options.Password.RequireLowercase = false;
            options.Password.RequiredUniqueChars = 6;

            // Lockout settings  
            options.Lockout.DefaultLockoutTimeSpan = TimeSpan.FromMinutes(30);
            options.Lockout.MaxFailedAccessAttempts = 10;
            options.Lockout.AllowedForNewUsers = true;

            // User settings  
            options.User.RequireUniqueEmail = true;
        });

        services.AddAuthentication().AddFacebook(facebookOptions =>
        {
            facebookOptions.AppId = Configuration["Authentication:Facebook:AppId"];
            facebookOptions.AppSecret =  Configuration["Authentication:Facebook:AppSecret"];
        });
        //Seting the Account Login page  
        services.ConfigureApplicationCookie(options =>
        {
            // Cookie settings  
            options.Cookie.HttpOnly = true;
            options.ExpireTimeSpan = TimeSpan.FromMinutes(30);
            options.LoginPath = "/Account/Login"; // If the LoginPath is not set here, ASP.NET Core will default to /Account/Login  
            options.LogoutPath = "/Account/Logout"; // If the LogoutPath is not set here, ASP.NET Core will default to /Account/Logout  
            options.AccessDeniedPath = "/Account/AccessDenied"; // If the AccessDeniedPath is not set here, ASP.NET Core will default to /Account/AccessDenied  
            options.SlidingExpiration = true;
        });



        services.AddMvc().SetCompatibilityVersion(CompatibilityVersion.Version_2_1);
    }

you can authenticate Web API Controller like below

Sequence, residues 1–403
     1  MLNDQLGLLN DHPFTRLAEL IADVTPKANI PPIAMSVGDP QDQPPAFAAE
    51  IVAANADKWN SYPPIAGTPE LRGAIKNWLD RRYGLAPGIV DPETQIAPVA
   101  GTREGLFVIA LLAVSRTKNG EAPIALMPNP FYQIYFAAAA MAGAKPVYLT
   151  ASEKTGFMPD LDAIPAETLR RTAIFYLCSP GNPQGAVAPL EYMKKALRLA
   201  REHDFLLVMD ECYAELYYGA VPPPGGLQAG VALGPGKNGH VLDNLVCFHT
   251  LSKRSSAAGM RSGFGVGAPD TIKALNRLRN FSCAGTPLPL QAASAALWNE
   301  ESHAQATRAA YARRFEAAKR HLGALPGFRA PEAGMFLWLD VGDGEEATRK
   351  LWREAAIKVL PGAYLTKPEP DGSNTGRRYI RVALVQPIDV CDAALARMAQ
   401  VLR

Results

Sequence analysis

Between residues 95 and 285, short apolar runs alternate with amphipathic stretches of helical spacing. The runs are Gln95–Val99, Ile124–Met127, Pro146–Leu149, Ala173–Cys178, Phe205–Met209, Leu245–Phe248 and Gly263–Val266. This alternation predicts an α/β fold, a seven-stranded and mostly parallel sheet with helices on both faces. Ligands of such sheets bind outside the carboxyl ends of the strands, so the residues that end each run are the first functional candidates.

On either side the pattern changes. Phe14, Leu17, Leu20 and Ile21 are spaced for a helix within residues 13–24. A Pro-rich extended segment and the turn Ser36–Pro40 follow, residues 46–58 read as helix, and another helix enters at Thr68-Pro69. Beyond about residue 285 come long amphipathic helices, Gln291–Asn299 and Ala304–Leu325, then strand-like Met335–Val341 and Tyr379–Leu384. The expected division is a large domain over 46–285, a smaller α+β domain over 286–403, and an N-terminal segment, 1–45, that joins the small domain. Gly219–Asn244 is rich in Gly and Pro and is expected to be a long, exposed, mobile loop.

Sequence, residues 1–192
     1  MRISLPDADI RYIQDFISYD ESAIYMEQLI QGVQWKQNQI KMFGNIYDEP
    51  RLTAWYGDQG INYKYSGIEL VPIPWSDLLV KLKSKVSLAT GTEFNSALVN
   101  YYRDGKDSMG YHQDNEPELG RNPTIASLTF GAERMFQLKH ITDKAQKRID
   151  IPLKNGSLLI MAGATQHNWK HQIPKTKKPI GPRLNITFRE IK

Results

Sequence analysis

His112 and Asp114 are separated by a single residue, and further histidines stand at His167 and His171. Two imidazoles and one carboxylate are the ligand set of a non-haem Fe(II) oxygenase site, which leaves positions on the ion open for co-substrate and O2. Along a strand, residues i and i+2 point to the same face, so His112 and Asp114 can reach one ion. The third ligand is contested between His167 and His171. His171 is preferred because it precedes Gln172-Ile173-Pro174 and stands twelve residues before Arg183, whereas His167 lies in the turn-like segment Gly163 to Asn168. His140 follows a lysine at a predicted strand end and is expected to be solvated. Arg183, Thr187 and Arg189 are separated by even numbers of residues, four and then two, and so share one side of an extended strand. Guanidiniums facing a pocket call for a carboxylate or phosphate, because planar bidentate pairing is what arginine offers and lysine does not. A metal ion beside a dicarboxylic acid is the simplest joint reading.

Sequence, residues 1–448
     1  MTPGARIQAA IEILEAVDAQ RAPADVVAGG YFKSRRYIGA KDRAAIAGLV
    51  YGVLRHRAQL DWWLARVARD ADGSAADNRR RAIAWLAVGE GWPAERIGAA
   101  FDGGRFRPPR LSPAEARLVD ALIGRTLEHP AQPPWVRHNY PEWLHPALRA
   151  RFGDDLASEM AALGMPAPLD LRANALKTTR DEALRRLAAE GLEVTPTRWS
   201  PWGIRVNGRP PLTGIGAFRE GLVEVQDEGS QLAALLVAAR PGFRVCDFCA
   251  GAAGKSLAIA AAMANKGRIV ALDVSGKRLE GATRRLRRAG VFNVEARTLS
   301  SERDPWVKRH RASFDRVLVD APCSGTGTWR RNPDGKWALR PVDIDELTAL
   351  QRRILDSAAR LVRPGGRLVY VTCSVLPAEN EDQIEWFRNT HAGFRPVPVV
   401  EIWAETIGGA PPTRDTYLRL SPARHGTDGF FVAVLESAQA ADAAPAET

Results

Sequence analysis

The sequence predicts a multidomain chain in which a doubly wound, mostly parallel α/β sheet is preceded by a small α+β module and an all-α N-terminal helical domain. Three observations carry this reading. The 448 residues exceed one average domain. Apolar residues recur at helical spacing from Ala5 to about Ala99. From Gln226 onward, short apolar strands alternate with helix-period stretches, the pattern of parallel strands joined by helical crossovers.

[Route("api/[controller]")]
[Authorize(AuthenticationSchemes = JwtBearerDefaults.AuthenticationScheme)]
[ApiController]
public class TaskerController : ControllerBase
{
    [HttpGet("[action]")]
    //[AllowAnonymous]
    public IEnumerable<string> Get()
    {
        return new string[] { "value1", "value2" };
    }
}

and You can use Identity based Authorize attribute as usual like below for MVC controller

public class TaskController : Controller
{

    [Authorize]
    public IActionResult Create()
    {
    }
}

Key solution is .AddCookie(cfg => cfg.SlidingExpiration = true) adding before JWT authentication i.e .AddJwtBearer(//removed for brevity) sets Cookie based authorization as default and so [Authorize] works as usual and whenever you need JWT you have to invoke it explicitly using [Authorize(AuthenticationSchemes = JwtBearerDefaults.AuthenticationScheme)]

Hope it will help someone who wants Website as front end and clubbing mobile ready Web API as back end .

| improve this answer | |
  • One of the key points in the question says I don't need (and don't want) to include ASP.Net Identity. It's easy enough to set up Asp.Net with a standard configuration, but the goal was to create a minimal project that uses MvcCore and JwtAuthentication – Andrew Williamson Mar 7 at 0:47
  • The answer covers both types of authentication mechanisms you can skip anyone of them as per your requirement.you just need to comment out the part that you don't need @AndrewWilliamson – Tushar Kshirsagar Mar 10 at 6:23
  • It's not just an issue of commenting out a part that isn't needed. Your ConfigureServices method calls .AddMvc() instead of .AddMvcCore(). My whole question was based around authentication not working when I use .AddMvcCore(), and I had to read through the source code for .AddMvc() in order to figure out what the difference was. When you provide an answer, it should include the minimal amount of changes in order to answer the question. Otherwise users still have to work out which part of your code solves the problem – Andrew Williamson Mar 10 at 22:24
  • 1
    I appreciate you wanting to share your experience with others - don't stop, just remember to focus on answering the question with a minimal example – Andrew Williamson Mar 12 at 8:08
  • 1
    Thanks for [Authorize(AuthenticationSchemes = JwtBearerDefaults.AuthenticationScheme)] attribute. In my case, for WebApi I want to use JWTAuth, and for ViewController I want to use CookieAuth. Then I've created double AddAuthentication(). But unfortunately, since I am using [Authorize] without adding parameter. the Unauthorized page always hit JWTAuth Settings. But after adding parameter on [Authorize] this solve my problem – Fadhly Permata Jul 24 at 7:53
0

If you are using a custom scheme, you must use

[Authorize(AuthenticationSchemes="your custom scheme")]